SR&ED Case Study: Technical problem versus technological uncertainty


There is a difference between a technical problem and technological uncertainty. We cannot determine eligibility without understanding the work performed and evaluating it using the five questions. In this example, there are indicators that suggest there may be uncertainty but they do not point to any specific uncertainty.


Scenario 1 – Technical problem

You are a chemical company and you are developing a new process for a chemical product. Part of the process involves a series of pumps. The pumps started to corrode after six months, even though they had an expected lifespan of 10 years. Surprised to see corrosion so soon, you contacted the pump supplier. After looking at the pumps, the pump supplier found that there was a corrosive liquid in them. The pumps were not designed to come into regular contact with a corrosive liquid. So you looked at your whole process, including the parts involving the pumps.

You found that there were low levels of a corrosive liquid in the streams entering the pumps from time to time. After many weeks, you were able to trace the source of the corrosive liquid back to a sporadic leak in a filter system upstream of the pumps. You also found that the leak was likely caused by the filter system operating at a higher temperature than it was designed for. You replaced the filter system with a new high-temperature filtration unit. This appears to have resolved the problem of the corrosive liquid getting into the pumps.

In this scenario, the problem with the pumps in the new process was technical and not technological. You resolved the technical problem—corroding pumps—by identifying the true source of the problem and fixing it with an existing solution.

Scenario 2 – Technological uncertainty

This time you are the pump supplier. A series of pumps supplied by you started to corrode after six months of operation rather than after the expected lifespan of 10 years. You were asked to investigate the problem. You found that the pumps were corroding because of a leak in the seal on their shaft, which allowed a corrosive liquid into the units. In this case, the pumps were designed to operate in a corrosive environment. You replaced the seals in the pumps, but the pumps again showed signs of corrosion after six months. Again the cause was a leak in the seal on their shaft.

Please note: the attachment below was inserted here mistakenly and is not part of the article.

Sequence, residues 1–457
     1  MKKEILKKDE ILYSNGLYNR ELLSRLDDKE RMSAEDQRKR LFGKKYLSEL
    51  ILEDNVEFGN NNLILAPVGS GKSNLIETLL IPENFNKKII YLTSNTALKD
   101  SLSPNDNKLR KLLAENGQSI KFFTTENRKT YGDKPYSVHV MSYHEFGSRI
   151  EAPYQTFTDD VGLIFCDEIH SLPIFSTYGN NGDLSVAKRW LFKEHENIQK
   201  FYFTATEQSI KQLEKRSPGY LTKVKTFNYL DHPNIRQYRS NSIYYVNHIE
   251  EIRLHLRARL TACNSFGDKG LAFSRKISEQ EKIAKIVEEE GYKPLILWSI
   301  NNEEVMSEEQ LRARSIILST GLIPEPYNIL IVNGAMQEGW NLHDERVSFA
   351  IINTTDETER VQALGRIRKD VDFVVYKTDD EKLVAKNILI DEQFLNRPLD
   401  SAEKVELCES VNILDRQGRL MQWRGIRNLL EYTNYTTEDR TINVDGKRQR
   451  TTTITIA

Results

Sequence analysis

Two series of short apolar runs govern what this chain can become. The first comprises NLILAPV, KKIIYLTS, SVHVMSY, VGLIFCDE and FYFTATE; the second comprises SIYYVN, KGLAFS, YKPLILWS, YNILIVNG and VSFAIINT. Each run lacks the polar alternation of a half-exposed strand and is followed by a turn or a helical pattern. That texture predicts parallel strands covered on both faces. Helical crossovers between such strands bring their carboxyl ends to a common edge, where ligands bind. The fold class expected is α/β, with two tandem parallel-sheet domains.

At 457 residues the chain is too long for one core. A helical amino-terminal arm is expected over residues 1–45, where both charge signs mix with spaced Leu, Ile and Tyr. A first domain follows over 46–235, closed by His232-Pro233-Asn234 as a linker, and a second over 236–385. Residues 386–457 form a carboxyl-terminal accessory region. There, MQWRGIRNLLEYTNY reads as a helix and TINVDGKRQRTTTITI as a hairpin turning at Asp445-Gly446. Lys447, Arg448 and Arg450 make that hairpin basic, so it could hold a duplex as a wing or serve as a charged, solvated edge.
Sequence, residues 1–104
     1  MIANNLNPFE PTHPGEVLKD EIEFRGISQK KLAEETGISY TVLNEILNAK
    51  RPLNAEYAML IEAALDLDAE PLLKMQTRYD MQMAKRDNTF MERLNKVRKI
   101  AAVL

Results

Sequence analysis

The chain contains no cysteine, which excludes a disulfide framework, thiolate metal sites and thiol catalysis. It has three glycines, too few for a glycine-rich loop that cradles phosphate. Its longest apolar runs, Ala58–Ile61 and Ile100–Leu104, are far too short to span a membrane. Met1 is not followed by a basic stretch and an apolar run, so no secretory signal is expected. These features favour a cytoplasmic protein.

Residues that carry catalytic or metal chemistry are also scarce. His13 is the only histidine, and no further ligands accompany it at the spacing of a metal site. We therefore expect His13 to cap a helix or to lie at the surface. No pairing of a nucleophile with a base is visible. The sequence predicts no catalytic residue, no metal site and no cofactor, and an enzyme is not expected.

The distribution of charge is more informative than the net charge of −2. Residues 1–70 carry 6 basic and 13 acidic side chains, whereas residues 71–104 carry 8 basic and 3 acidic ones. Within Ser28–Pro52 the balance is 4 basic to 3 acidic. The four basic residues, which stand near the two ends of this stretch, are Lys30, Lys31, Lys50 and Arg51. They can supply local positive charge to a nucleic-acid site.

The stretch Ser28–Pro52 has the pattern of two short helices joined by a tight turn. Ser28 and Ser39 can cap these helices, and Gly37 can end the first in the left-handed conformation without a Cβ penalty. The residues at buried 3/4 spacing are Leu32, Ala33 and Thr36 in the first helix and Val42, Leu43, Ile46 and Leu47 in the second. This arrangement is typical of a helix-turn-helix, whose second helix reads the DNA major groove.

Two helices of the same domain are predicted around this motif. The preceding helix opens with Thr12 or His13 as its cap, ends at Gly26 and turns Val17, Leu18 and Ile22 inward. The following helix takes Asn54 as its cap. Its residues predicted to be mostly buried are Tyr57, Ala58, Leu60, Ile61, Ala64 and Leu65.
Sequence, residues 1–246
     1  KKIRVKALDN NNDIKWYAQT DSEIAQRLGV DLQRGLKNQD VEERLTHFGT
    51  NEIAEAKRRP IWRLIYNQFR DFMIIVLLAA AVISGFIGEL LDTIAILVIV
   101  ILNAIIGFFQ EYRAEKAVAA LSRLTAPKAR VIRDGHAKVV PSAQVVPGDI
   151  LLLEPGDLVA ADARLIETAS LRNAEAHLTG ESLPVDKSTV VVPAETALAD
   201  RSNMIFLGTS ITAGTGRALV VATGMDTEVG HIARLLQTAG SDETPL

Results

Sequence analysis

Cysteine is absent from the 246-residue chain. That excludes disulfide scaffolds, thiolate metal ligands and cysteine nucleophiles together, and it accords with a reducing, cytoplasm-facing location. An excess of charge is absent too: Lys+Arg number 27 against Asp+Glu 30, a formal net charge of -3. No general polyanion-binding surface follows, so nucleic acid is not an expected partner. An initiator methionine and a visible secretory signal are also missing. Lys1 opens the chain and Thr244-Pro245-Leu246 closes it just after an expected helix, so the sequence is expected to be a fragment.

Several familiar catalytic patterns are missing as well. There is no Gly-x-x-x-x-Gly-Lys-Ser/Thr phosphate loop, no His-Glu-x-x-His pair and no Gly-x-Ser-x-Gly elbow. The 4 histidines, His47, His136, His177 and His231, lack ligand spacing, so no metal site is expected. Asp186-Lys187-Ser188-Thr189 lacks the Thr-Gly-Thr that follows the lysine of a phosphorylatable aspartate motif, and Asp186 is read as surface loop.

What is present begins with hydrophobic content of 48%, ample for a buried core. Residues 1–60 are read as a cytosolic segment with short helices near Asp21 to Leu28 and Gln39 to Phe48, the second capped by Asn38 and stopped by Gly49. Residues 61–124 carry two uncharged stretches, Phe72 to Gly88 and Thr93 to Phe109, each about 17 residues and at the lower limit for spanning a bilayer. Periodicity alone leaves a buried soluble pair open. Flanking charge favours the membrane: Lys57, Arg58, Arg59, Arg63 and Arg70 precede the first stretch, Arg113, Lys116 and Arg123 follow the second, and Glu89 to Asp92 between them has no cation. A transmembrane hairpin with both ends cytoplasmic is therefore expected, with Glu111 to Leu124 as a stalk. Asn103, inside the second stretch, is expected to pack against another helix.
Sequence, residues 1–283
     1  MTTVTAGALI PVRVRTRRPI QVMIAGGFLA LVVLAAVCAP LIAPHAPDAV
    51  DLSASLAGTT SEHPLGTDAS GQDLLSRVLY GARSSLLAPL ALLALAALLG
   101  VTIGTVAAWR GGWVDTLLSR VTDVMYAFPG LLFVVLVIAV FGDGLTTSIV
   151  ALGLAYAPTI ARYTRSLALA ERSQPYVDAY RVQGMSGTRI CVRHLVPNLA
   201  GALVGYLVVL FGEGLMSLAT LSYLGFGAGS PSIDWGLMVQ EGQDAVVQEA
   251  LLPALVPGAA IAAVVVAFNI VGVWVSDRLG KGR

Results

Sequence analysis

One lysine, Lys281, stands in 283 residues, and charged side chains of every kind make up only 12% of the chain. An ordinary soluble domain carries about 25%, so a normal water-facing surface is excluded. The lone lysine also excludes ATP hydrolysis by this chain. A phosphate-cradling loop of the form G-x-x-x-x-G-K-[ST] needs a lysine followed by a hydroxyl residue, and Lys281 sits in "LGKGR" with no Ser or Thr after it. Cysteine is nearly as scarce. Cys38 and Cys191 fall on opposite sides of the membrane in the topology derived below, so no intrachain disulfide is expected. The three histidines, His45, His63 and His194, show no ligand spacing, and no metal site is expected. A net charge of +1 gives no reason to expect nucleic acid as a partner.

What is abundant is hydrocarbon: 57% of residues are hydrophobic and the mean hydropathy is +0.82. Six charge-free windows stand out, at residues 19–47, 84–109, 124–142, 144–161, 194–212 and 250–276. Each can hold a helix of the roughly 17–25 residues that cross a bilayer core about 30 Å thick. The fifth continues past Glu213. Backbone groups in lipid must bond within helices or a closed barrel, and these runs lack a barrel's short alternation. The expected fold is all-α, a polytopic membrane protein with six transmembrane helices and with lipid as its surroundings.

You investigated further and found that the temperature of the shafts of the pumps after they had been working for a long time, was above the maximum recommended an operating temperature of the seal material. After prolonged operation, the seal failed, letting corrosive liquid leak into the units.

Once you discovered the cause of the problem, you started working on understanding the relationship between the sealing material and the seal profiles in a high-temperature, corrosive environment. You wanted to figure out the most suitable seal profile and seal material to achieve a 10-year lifespan. The manufacturers had data on the behavior and physical properties of the seal materials at much lower temperature ranges, but there was no information or data on their corrosion resistance and physical properties at higher temperatures and in that specific type of environment. Nor was there any information on the profile that would be suitable for the high-temperature, corrosive environment the pumps were going to be used in.

In this scenario, you likely faced technological uncertainty which prevented you from choosing a combination of seal profile and sealing material that would offer long-term performance in a high-temperature, corrosive environment. That technological uncertainty could be related to the properties of the materials in the corrosive conditions as well as to the effect of seal profile on performance.


There is a difference between a technological uncertainty and a technical problem that can be resolved by applying practices, techniques, or methodologies that are known or that are openly available.

Source: CRA (Canada Revenue Agency)


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